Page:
Your engagement is such a special time in your life. You are beginning a journey. I like to call it “the journey of a lifetime.” Marriage really is a journey that takes a lifetime to complete. No one begins a journey without good preparations. Only quick errands can be completed without much planning (probably sometimes even quick errands would go better with a little preparation!) Long journeys require good directions, adequate finances, bags packed properly and much, much more.
These questions can be part of the total package of preparing for your journey of a lifetime. They are based on Amos 3:3 “Can two walk together, except they be agreed?” Here are several key principles that may not seem important right now but will be after your wedding and as you begin your marriage journey.
1. Marriage unites. Marriage is the uniting of two people from different backgrounds, with different preferences and opinions, and sometimes very different personalities.
2. Avoid surprises. You really know your fiancé very well, right? Within the first six months of your marriage, there will be surprises of all varieties. Some will be pleasant surprises about your mate. Some may not be so pleasant. I am convinced the more you know about your mate’s opinions, preferences and even convictions, the better it will be.
3. So go ahead and ask! This resource provides you with key questions to think about and discuss with your fiancé. Both must be agreed to do this. Both must see the value (sometimes men are not as quick to see the value at first!) Select a time that is good for both of you, and then don’t rush through them. Some questions will be answered within a moment or two. Others will take some time to work through. It will be interesting to see how many times you already agree on an answer. It will always be important to consider the answers and opinions of your fiancé. If you cannot come to compromise and agreement, be sure to let either your pastor or your premarital counseling facilitator know, and bring your questions to the premarital counseling session at the appropriate time.
1. Why do you want to marry me?
2. What are the strengths and weaknesses of our lives? How do these complement each other?
3. When disagreements and conflicts arise in our marriage, how will we resolve them?
4. Have we talked through and reached an agreement as to whether we should rent or purchase our home? How much of our income should be spent on housing?
5. Do we agree on the need for a budget, and have we tried to project our expenses? (See the article, “We Can’t Live on Love Alone—Our Financial Situation.”)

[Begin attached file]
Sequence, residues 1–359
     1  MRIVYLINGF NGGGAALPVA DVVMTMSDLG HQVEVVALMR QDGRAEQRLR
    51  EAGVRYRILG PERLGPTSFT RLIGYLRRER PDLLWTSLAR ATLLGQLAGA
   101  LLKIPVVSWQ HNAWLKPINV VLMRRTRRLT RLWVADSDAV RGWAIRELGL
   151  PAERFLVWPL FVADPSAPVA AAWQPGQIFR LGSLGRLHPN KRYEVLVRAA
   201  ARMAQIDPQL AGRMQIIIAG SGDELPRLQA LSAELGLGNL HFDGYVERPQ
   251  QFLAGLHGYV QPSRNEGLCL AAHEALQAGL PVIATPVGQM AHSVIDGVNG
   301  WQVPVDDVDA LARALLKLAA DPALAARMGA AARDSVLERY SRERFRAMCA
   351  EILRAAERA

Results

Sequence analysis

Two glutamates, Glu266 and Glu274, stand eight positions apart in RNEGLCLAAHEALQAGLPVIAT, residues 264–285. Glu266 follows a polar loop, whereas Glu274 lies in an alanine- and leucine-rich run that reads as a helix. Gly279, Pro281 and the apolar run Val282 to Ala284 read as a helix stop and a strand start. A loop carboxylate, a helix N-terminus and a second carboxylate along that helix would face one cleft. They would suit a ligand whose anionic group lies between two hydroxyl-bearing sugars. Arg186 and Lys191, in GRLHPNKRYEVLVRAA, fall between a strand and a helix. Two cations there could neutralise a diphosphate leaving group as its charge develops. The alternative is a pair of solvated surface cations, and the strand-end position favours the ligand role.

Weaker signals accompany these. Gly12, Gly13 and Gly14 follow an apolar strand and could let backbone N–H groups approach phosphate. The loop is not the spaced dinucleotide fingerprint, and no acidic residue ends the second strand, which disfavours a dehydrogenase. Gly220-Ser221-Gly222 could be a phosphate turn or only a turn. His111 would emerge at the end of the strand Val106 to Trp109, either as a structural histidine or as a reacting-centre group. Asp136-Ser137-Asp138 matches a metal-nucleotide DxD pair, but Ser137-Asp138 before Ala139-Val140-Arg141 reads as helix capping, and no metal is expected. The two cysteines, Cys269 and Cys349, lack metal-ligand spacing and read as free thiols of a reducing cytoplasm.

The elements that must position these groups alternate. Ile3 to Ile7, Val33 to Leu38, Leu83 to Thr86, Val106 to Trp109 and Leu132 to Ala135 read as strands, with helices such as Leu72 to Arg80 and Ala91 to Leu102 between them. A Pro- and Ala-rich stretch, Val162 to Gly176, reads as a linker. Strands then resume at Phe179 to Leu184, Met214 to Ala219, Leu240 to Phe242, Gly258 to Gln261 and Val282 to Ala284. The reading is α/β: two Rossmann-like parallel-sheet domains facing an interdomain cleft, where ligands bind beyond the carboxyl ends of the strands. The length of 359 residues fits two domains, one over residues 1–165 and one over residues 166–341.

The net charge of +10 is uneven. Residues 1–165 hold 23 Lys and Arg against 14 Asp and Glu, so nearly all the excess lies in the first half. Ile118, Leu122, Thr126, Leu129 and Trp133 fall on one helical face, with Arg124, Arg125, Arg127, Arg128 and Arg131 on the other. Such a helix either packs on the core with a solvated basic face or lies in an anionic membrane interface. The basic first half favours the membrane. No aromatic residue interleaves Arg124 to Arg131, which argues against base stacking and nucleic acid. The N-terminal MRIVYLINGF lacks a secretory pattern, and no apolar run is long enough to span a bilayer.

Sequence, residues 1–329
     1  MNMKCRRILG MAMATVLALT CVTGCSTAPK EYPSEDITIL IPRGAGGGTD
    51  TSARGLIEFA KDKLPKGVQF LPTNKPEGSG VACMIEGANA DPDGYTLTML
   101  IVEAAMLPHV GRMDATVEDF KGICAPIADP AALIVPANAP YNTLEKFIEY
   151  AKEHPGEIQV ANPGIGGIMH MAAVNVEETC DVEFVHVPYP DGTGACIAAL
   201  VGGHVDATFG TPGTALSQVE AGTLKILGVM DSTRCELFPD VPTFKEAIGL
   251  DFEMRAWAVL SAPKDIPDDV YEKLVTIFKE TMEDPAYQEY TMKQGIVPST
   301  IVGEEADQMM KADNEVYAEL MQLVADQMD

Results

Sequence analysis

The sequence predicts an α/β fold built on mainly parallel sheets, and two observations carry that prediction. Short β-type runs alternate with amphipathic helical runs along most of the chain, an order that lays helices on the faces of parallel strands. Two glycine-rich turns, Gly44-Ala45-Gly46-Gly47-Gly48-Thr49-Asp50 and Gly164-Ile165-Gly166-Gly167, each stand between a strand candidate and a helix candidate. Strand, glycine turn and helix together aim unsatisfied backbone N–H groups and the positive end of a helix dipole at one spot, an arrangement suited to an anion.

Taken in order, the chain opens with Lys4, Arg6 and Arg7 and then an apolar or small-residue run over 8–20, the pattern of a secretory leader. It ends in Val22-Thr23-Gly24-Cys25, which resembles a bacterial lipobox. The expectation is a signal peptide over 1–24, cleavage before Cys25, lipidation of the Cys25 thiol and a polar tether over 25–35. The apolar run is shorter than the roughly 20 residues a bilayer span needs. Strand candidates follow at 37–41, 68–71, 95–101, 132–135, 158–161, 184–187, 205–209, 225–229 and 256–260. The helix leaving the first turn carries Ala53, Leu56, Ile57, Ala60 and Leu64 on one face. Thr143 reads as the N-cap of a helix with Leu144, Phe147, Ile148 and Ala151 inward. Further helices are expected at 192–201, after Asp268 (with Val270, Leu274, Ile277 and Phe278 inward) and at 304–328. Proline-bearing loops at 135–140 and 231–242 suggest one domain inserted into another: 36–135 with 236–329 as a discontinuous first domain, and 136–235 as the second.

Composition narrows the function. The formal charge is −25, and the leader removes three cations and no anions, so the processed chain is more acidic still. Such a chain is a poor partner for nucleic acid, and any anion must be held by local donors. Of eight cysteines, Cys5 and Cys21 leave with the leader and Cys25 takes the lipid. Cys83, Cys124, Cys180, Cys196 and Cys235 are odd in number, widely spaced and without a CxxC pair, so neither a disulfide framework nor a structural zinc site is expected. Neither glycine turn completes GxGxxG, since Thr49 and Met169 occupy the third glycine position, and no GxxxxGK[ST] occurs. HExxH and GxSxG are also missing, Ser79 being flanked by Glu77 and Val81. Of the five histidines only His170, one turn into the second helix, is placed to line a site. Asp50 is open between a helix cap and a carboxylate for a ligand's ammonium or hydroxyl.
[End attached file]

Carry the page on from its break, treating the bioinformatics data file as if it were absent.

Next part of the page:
6. If we are virgins, should we wait until we are married for our sexual relationship, or if we have been sexually active, do we think it is important that we stop sexual activity until after our wedding? Do we know what the Lord says about this in His Word?
7. Do we really understand what a healthy sexual relationship looks like?
8. How many children would we like to have someday? How long should we wait before we try to get pregnant?
9. Have we settled on birth control, and have we worked through this with our physician to guarantee our chosen method prevents conception and does not function as an abortion which terminates our pregnancy?
10. How will a baby change our lives?
1. After working through the first ten questions, are we seriously praying about our relationship with each other and with the Lord?
2. What place does the Lord Jesus have in our personal lives and our lives together as a couple?
3. Do we both know the Lord Jesus in a personal way as our own Savior?
4. What place does worship have in our time together as a couple? Are we satisfied with how often we read the Bible and pray together?
5. Are we in agreement as to which church we will attend, how often we will attend it, in what ways we will serve and how much we will financially support it?
1. As you view each other, how would you describe your fiancé’s view of money?
A) Too important to my fiancé: I am very concerned that it is too much of a focus. My fiancé tends to be sometime stingy at times and finds it hard to spend money even on good things that we can afford.
B) Important: My fiancé has a right view of money and is wise in handling it.
C) Not important enough: I sometimes wish my fiancé would be more careful with his or her funds. My fiancé tends to spend money very easily.
2. Have we settled on whether we will have separate accounts or joint accounts?
3. What are three or four things that we would like to acquire someday for which we must save?
4. What is our view of indebtedness? How much is too much? How many credit cards should we have, and what is our view of paying each card off at the end of the month?
5. What percentage of our income should we have for savings and investment?
1. As we look at the marriages of our parents, what are several good things we would like to incorporate into our marriage? What are several things that we would not incorporate?
2. Who is going to write the bills and keep the checkbook?
3. Who is going to do the cooking? How will we share the household chores such as cleaning, washing the clothes, grocery shopping, etc.?
4. How often should we eat out, spend time with friends, or reserve a night at home where we can enjoy being together? What are some things we can do that both of us really enjoy?
5. What are some safeguards we are establishing to keep our marriage strong and healthy? Are we open and honest with each? Are we both satisfied with our level of communication? Do we demonstrate that we really care about each other? Are we really connecting? Does the Lord Jesus have a first place priority in your personal lives and marriage plans?
May the Lord richly bless you as your plan for your “journey of a lifetime”! For further information, check out the resources for married couples!